Leaked draft of birth-control coverage rule draws ire, praise

A recently leaked draft of a federal rule would expand the number of employers who could apply for an exemption to the ACA's contraceptive coverage mandate. (Getty/areeya_ann)

Fresh details about the Trump administration’s plans to alter the Affordable Care Act’s contraceptive coverage mandate have drawn condemnation from the left and praise from the right.

A recent post on the Office of Management and Budget’s website revealed that the agency is reviewing a draft rule concerning “coverage of certain preventive services under the Affordable Care Act.”

A draft of the rule obtained by Vox revealed that as expected, it focuses on expanding employer exemptions from the ACA’s requirement that they cover birth control in the health insurance policies they provide to employees.

Though the regulation could still change, the leaked version would let any employer—including large, publicly traded companies—apply for an exemption to the contraceptive coverage mandate on religious or moral grounds, the publication noted. Moreover, that exemption process would be significantly eased, requiring employers only to notify their employees before cutting coverage for contraception—they would not need to notify the government beforehand.

Democrats and some advocacy groups were not pleased with that revelation.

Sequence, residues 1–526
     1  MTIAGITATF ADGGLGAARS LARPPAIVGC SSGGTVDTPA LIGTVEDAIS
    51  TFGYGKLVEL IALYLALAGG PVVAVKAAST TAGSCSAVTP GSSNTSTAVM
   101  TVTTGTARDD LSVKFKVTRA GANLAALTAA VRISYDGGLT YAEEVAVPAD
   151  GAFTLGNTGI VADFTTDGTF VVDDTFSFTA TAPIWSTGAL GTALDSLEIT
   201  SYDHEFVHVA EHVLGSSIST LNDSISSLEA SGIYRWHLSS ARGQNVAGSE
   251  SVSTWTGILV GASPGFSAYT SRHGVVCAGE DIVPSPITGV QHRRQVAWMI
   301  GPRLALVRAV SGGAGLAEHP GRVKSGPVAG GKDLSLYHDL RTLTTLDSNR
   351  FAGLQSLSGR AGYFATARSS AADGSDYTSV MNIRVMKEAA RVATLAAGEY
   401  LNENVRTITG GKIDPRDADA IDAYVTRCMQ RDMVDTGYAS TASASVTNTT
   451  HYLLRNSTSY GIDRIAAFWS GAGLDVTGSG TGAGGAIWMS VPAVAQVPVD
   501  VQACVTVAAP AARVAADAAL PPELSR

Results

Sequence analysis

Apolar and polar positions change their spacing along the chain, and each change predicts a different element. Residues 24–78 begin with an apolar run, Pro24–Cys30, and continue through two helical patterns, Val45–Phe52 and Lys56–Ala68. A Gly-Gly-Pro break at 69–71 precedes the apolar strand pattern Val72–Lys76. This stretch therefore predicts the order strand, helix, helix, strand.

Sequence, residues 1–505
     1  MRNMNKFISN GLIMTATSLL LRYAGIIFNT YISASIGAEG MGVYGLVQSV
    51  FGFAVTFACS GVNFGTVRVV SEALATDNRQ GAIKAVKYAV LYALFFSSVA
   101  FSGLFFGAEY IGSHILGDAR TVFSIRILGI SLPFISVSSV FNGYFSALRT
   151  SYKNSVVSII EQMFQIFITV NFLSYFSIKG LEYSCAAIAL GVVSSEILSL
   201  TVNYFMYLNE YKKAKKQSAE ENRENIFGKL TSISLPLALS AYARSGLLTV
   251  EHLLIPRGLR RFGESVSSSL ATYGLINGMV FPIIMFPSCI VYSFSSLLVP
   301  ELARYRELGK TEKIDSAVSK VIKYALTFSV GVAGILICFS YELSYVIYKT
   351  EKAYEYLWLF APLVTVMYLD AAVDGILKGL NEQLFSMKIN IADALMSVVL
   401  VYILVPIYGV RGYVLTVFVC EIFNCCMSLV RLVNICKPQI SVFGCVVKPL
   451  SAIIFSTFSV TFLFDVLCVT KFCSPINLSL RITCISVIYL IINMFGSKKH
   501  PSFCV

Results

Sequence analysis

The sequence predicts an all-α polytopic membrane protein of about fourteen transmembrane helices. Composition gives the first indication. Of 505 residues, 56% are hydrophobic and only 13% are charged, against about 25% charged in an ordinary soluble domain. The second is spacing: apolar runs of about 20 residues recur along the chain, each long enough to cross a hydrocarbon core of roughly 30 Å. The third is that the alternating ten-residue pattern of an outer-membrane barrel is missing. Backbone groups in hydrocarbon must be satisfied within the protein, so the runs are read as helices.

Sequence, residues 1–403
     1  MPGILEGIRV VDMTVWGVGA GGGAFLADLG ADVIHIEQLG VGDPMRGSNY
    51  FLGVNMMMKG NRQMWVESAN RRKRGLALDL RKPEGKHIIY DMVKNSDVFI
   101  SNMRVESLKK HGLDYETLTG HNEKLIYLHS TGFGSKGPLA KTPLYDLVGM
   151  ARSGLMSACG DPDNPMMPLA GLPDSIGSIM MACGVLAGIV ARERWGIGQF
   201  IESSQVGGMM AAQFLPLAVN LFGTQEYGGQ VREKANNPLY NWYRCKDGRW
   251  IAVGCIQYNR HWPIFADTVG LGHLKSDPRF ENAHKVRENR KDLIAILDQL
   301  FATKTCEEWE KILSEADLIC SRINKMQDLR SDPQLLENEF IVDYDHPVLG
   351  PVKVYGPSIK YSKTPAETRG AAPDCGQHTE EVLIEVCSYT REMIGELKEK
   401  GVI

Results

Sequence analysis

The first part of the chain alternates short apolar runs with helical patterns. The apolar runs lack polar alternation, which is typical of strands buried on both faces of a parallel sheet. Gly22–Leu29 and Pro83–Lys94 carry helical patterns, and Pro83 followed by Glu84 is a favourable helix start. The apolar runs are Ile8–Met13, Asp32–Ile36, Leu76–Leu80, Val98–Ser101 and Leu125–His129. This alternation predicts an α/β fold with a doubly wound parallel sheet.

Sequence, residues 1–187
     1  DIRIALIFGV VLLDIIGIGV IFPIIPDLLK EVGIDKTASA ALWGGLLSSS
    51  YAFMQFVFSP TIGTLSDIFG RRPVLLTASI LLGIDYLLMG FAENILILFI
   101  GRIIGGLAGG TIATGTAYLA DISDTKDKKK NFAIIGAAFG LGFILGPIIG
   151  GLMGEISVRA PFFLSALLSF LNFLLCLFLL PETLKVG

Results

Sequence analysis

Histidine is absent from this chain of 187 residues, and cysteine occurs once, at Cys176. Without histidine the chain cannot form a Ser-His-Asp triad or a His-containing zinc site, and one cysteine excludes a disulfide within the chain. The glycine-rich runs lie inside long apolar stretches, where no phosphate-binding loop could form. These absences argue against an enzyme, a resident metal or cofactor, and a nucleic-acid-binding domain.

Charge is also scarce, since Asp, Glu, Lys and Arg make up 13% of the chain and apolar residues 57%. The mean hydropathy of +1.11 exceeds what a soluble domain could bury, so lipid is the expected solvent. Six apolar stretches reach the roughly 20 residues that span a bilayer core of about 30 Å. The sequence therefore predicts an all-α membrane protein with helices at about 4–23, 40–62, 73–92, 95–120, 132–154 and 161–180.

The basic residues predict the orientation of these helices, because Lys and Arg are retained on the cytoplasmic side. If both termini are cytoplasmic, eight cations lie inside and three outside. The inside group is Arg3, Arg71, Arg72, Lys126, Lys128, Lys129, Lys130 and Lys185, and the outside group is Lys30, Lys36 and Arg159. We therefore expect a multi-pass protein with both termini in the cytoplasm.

“President Trump’s sickening plan to roll back women’s access to contraception would deny millions of women access to basic, preventative healthcare,” House Minority Leader Nancy Pelosi said.

The American Civil Liberties Union also came out swinging, with Deputy Legal Director Louise Melling saying that the draft rule is an “attempt at allowing religion to be used as a license to discriminate.”

But conservative groups like the Family Research Council hailed the draft rule.

“While this apparent leaked document is a draft, it is a very positive sign to see the federal government work to cease its hostility toward Christians and those who object to the Obama-era healthcare mandates,” said the group’s president, Tony Perkins.

The draft rule comes in the wake of an executive order that President Donald Trump issued earlier this month, which directed federal officials to consider amending regulations to address “conscience-based objections” to the ACA’s contraceptive mandate. HHS Secretary Tom Price responded by saying his agency welcomed the chance to consider changing the rules.

The ACA’s contraceptive coverage mandate has long been the subject of legal challenges by religious employers, who argued it infringed on their right to religious liberty. They won a major victory in 2014, when the Supreme Court ruled that family-owned, private businesses that object to covering employees’ birth control could apply for an exemption. But legal wrangling continued after some groups contended that concession didn’t go far enough.

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